Pinakbet (Filipino Vegetable Stew)

Pinakbet (Filipino Vegetable Stew)

Can you believe that this is the first time I cooked Pinakbet in my whole life considering this is a staple in our household?

I believe I had taken it for granted because it was always there plus I never liked my mom’s version…

Ssshhhhh….don’t tell her.

Today, with the KCC theme in mind, I made my own version of Pinakbet.

Pinakbet is a popular Ilocano dish made with vegetables and shrimp paste. It is usually made with snake beans, bittermelon, okra, squash and eggplant.

I discovered that I don’t like pork in my Pinakbet, I like it served on the side or as a topping to this dish in the form of Lechon Kawali or Deep Fried Pork belly.

I also discovered that I don’t like a lot of eggplants in there….

..and the best discovery of all, I discovered that I cook delicious Pinakbet.

{This one came from my nanay, I actually heard her whispering it to my tatay…LOL!}

Lots of discoveries today…hmmnnn..

Pinakbet (Filipino Vegetable Stew)Squash Blossoms are so pretty…. It’s a good thing that they’re edible.

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Pinakbet {Filipino Vegetable Stew}

  • Author: The Peach Kitchen

Ingredients

Scale
  • 500g pork belly, sliced for frying
  • 5 tbsp cooking oil
  • 1 onion, chopped
  • 2 cloves garlic, minced
  • 1 tomato, chopped
  • 1 bunch kangkong leaves
  • 1 bittermelon, seeds removed and sliced
  • 1 eggplant, cut into pieces
  • 2 cups squash, diced or sliced
  • 10 pcs okra, each sliced diagonally into 2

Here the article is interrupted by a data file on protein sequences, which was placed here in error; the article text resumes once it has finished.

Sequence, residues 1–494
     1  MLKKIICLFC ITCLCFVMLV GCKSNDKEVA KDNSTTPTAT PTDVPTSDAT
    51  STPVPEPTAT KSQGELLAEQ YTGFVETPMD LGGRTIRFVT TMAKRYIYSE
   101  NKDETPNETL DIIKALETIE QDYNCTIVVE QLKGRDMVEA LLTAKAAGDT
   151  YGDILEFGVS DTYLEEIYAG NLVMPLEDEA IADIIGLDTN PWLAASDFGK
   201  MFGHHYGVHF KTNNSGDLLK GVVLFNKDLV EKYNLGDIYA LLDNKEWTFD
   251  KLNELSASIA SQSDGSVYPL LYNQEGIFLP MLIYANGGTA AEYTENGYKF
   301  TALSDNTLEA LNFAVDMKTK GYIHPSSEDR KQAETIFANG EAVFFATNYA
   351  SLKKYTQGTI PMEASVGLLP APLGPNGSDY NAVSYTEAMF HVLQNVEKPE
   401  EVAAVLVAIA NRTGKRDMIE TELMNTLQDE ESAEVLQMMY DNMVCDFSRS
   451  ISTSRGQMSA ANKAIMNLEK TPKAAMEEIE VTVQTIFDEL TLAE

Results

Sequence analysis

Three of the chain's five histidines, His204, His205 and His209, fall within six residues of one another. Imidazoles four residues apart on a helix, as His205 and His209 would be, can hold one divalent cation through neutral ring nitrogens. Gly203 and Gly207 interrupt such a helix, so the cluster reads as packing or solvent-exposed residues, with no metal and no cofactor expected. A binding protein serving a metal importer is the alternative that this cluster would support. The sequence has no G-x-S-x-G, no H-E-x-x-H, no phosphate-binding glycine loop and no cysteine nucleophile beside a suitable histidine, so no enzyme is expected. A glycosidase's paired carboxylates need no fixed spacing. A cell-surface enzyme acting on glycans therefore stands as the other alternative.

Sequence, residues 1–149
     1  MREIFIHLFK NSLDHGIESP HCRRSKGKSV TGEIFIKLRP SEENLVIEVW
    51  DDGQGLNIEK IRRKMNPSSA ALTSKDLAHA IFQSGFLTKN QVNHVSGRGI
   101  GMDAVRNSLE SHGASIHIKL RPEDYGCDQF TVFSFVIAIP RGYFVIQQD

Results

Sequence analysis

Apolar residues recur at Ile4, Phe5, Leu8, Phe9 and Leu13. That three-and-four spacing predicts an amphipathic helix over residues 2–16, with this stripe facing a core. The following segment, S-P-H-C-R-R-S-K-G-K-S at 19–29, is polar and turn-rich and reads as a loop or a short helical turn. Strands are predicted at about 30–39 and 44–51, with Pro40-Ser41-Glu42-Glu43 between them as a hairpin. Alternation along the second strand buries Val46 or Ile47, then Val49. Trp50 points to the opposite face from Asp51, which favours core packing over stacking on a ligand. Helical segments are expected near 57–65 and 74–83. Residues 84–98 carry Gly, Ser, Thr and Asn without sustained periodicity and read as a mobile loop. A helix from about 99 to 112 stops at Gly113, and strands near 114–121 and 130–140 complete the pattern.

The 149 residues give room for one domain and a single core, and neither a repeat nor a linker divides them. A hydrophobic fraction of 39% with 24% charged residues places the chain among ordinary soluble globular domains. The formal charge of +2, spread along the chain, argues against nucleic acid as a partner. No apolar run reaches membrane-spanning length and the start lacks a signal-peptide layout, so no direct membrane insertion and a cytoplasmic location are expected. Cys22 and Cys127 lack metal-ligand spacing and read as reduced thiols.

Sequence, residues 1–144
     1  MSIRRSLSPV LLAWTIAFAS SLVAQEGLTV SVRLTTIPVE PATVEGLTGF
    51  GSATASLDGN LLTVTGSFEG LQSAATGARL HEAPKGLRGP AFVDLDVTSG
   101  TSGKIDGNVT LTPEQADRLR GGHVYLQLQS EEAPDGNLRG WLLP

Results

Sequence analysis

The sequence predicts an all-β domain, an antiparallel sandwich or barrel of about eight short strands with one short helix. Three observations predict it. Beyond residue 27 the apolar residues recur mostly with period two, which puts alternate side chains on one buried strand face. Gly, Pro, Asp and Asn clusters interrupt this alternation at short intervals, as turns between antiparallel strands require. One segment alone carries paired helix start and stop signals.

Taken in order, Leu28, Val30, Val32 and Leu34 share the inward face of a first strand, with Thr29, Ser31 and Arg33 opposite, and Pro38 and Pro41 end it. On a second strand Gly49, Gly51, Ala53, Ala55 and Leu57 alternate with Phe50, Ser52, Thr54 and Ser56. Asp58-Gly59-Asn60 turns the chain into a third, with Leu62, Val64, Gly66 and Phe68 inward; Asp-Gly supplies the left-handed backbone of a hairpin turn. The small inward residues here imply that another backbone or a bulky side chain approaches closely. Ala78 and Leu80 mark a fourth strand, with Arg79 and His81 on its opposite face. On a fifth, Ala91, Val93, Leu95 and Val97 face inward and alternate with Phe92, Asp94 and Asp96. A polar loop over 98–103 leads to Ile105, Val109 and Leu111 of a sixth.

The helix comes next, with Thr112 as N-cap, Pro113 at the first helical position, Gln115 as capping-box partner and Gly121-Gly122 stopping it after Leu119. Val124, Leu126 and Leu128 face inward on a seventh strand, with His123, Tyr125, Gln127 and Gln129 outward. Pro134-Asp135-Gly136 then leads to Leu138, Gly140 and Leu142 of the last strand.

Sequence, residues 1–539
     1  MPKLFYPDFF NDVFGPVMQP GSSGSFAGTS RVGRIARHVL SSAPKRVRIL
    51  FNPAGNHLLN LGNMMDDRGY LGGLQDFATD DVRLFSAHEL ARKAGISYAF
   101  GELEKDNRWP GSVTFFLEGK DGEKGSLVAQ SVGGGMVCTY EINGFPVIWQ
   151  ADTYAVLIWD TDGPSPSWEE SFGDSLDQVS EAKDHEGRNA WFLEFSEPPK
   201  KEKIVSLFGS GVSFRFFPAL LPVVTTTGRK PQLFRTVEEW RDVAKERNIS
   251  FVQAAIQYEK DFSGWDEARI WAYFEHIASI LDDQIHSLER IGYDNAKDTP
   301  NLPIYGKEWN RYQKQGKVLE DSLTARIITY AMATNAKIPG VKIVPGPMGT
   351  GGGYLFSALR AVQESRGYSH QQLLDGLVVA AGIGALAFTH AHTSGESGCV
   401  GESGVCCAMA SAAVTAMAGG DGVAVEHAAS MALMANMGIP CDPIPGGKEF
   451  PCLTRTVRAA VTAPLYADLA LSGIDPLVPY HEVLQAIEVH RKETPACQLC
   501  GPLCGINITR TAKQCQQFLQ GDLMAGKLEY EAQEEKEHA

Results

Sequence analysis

• 10 pcs squash blossoms, cleaned {remove the thing in the middle and the stem}
  • 2 pcs taro or gabi, sliced
  • 3 tbsp shrimp paste
  • salt and pepper to taste
  • 1 cup water

Instructions

  1. Deep fry pork belly slices in hot oil until brown and delicious. Set aside for later.
  2. In the same pan, with most of the oil removed, sauté garlic, onion and tomato until onions are translucent and tomatoes are wilted.
  3. Add shrimp paste and water. Give it a good stir.
  4. Add squash and taro. Simmer for 5 minutes or until these veggies are tender.
  5. Add bittermelon, eggplant and okra. Simmer for another five minutes. Stir.
  6. Add the remaining ½ cup water if the sauce is drying up.
  7. Add the kangkong leaves and the squash blossoms when the vegetables are almost cooked
  8. Top with chopped fried pork belly and serve with steamed rice.

Did you make this recipe?

Share a photo and tag me @thepeachkitchen — I can't wait to see what you've made!

 

NOTE: I tried taking a photo of the one with fried pork belly but the vegetables can’t be seen, so I opted not to show you that photo.

 —♥♥♥

KCC or Kulinarya Cooking Club’s Theme for August & September is to showcase a dish with the colors RED, WHITE, BLUE and YELLOW to commemorate National Heroes Day and Ninoy Aquino’s death anniversary.

For RED, it’s the tomatoes. They might be a little on the orange side but it was reddish when it was raw.

For WHITE, I put gabi or taro. It turned dirty white when it was touched by the shrimp paste…

For YELLOW, I have squash and squash blossoms

And for BLUE, I wanted the eggplant to be my blue. I forgot that it turns green when cooked..LOL! So, I used a blue dish, instead…

Hosts? I hope this passes the theme…

Kulinarya was started by a group of Filipino foodies living in Sydney, who are passionate about the Filipino culture and its colourful cuisine. Each month we will showcase a new dish along with their family recipes. By sharing these recipes, we hope you find the same passion and love for Filipino Food as we do.

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37 Responses